Well, I’m going to be an academic again, having been offered a place on the Master’s Degree for Autism Studies at Sheffield Hallam University. It was an interesting process choosing whether to return to Fine Art, do Art Psychotherapy or even an MA in Mindfulness which is now on offer. You get where I’ve been these last few weeks. But one thing that’s swayed my decision is that this MA will be about myself. Yep, three years of good old narcissistic gazing into the mirror of my soul, psyche or naval, weather depending..
‘Self as subject’ I heard myself say yesterday to my wife on my way to Prof. Nick Hodge’s inaugural lecture at the Autism Centre, while explaining the reasons for my final decision. Whilst an art student at the same uni, I recall hearing about someone who did a Phd literally about themself, which sounded fascinating, if a little mind-boggling, though I align very much with the premise that the best form of teaching is by example, which is where the particularity of self-knowledge takes on the universal form, in society.
The point I want to make here is about the sensorially enhanced and metaphysical, shifting nature of the autistic experience, with an urgent quest for selfhood at its heart. I am driven by the possibility that we each can take part in this quest and work directly with the ineffable nature of life itself. The ancient Chinese call life-force chi, the Sufis refer to tajalli and the Hindus call it prana or Shakti, and we’re not just discussing electro-magnetic energy! Each individual human already has the tools, raw materials and laboratory for the alchemy of self-realisation, but it takes knowledge and community to help light the crucible.
Here’s a thought: The opposite of something is nothing. Nothing exists. Nothing has to exist because something exists… OK, bear with me. When experience gets too much for an autistic person, when the social environment becomes too much to bear, they go into ‘meltdown’. One purpose of meltdown is self-preservation and in an absolute sense it is the final shutting down of social consciousness, which can even result in passing out or types of breakdown, so in effect, the opposite of conscious experience is the unconscious, or is it? What if, during a prolonged overwhelming experience an autistic mind learns to shut down ‘most’ of itself and yet a ‘part’ of the mind (the purely autonomous mind) manages to stay continually conscious, learning to adapt and from a safe viewpoint experientially learns about the constant unpleasantness and the consequent closure of a large ‘part’ of the mind? My younger brother, may he rest in peace, had this little chant he used to repeat, that went, “Every piece of mind is in a different piece of mind”. What if being constantly overwhelmed by the senses meant a constant and intelligent battle for survival emerged from a whole new ‘mind’? What would that new-age autistic warrior look like?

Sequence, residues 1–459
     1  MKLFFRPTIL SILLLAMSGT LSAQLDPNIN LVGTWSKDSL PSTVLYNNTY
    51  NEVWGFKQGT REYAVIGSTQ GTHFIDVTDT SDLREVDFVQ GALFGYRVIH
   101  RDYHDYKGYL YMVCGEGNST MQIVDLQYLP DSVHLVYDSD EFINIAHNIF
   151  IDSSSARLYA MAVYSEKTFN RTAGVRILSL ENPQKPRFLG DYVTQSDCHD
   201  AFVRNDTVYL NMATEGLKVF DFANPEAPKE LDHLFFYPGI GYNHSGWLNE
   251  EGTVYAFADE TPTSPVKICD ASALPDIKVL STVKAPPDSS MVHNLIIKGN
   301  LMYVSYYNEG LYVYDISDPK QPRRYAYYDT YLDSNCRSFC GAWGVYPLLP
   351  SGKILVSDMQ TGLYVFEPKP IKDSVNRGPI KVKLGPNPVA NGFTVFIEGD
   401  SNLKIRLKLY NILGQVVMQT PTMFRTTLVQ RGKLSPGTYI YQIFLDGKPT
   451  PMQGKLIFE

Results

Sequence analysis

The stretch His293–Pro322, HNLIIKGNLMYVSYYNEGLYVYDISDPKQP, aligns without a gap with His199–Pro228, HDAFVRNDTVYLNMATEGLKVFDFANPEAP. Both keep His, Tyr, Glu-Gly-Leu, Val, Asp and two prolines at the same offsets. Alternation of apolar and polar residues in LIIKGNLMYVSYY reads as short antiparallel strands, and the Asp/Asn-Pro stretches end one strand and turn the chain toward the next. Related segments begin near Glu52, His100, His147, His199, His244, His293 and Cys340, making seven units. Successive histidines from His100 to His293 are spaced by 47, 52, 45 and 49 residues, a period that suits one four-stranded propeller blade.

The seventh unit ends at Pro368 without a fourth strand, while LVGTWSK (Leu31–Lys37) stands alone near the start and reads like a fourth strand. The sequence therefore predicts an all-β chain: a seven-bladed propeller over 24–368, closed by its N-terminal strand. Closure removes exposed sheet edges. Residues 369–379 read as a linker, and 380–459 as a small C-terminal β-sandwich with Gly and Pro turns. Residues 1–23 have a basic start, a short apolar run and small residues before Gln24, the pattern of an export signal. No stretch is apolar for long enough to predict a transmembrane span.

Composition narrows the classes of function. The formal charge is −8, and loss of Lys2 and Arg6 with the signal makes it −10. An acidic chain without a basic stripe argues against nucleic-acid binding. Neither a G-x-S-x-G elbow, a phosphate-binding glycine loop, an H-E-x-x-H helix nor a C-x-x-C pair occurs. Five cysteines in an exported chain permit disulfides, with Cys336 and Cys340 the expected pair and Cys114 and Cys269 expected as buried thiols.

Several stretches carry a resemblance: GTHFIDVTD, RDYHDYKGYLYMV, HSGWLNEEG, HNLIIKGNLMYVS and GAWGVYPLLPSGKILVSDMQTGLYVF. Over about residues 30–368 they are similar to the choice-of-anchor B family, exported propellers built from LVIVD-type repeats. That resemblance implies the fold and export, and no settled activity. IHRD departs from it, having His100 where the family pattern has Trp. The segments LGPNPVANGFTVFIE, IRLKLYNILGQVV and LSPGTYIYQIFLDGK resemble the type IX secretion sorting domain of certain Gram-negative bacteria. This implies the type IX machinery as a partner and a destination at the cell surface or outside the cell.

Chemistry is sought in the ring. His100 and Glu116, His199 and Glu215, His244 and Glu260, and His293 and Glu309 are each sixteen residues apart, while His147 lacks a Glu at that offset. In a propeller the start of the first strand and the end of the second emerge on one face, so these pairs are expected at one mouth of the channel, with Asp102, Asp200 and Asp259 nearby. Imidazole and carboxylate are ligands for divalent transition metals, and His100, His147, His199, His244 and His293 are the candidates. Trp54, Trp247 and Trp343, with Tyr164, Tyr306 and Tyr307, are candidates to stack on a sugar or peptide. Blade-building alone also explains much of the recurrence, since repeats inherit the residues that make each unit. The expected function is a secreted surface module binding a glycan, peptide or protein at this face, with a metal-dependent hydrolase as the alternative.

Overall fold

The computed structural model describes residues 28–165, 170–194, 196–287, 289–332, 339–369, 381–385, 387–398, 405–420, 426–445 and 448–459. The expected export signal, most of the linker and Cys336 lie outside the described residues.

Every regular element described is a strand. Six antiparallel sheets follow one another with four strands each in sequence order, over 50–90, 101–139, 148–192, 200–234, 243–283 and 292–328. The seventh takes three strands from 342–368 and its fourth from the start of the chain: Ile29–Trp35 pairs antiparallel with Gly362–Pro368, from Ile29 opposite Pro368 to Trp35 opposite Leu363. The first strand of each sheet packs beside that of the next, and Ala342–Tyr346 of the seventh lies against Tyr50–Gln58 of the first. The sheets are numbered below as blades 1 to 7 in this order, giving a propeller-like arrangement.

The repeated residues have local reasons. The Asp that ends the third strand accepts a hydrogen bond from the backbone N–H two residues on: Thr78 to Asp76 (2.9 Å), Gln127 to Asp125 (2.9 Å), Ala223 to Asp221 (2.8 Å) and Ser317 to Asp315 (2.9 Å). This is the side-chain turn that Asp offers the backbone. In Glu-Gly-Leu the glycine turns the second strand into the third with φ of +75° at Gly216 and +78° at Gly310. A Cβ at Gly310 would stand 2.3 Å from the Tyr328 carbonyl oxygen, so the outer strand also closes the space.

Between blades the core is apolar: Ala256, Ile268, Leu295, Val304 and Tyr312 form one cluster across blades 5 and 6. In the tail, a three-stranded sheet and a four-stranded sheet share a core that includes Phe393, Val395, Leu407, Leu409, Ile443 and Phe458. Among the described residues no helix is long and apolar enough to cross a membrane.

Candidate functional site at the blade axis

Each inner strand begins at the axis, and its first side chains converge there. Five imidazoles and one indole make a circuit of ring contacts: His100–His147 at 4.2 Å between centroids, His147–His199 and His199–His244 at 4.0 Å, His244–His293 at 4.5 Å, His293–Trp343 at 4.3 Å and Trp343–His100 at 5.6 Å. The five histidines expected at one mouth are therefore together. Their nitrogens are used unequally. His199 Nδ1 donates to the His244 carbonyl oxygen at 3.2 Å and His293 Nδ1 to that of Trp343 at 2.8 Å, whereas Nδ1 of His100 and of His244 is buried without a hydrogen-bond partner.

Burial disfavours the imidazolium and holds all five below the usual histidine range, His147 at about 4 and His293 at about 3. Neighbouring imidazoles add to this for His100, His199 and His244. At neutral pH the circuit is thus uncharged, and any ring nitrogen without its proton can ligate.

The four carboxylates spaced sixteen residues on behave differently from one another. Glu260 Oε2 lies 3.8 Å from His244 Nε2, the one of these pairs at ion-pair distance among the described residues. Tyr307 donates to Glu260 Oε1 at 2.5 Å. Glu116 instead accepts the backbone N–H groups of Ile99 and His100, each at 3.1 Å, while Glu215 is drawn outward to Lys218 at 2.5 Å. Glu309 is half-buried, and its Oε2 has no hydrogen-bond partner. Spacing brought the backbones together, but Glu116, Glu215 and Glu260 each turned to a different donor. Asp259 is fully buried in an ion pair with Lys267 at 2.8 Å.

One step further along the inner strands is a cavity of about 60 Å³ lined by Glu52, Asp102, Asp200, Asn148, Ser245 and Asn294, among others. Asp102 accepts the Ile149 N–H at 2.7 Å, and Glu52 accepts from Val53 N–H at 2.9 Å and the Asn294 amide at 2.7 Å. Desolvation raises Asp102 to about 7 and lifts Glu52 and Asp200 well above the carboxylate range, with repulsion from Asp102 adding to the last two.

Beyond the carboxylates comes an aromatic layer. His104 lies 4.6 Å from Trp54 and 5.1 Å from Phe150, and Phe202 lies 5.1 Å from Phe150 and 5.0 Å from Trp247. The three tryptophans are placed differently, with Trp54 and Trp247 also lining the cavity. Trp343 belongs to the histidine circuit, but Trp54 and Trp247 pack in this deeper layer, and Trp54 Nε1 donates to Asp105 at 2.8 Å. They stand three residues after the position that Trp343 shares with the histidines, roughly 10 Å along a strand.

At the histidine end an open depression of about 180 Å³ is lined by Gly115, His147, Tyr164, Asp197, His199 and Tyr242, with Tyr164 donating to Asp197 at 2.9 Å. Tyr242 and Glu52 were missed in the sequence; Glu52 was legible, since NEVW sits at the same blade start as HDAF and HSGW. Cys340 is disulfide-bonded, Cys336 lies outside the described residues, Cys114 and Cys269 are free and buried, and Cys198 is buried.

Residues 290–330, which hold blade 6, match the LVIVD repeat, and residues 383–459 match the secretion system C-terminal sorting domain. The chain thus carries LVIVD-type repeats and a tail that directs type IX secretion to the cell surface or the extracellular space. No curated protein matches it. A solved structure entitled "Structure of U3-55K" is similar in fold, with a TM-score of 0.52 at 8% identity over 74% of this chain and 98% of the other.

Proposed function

I escape from the intensity of my surroundings increasingly since a child, using a variety of methods and writing my life-story from the autistic point of view is helping me understand them all. Storytelling is crucial to a healthy life and our the rich, symbolic wisdom of stories is everywhere in our ancient cultures. Working chronologically I find I’ve arrived at the recent past and it’s starting to feel complicated because now I must write a true reflection of the experience of this nothingness. To me, nothingness is where everything disappears, it is the abode of indescribable bliss and paradoxically, emptiness ‘becomes everything’. I’ve continued to develop and evolve meditation practices for thirty-five years and as a young child would involuntarily live in ‘other worlds’ as a young neuroatypical person. This isn’t a rare phenomenon and most people can relate to unusual inner experiences, particularly as children, prior to too many layers of conditioning. Artists attest to being a conduit for ‘another power’ and the seer, medium or shaman might recall little from a trance because they weren’t ‘present’. Both are voluntary acts of surrender. An emergence from this nothingness must inevitably occur and here’s where we return to self-knowledge in the societal context.
I read somewhere the autistic person has a regard for the truth as holy*. Living entirely in a domain of heightened sensitivity is a constant inner struggle (this is the true meaning of the Arabic word jihad). Expanding self-knowledge aided by methods like Mindfulness is ammunition and victory over malignant spirits, from a cacophony of interchanging parallel worlds is rewarded by holistic alignment, inner peace, freedom from unnecessary guilt, and gratifying acceptance of the truth.
The battle continues.
*Quote: Sif S. Stewart-Ferrer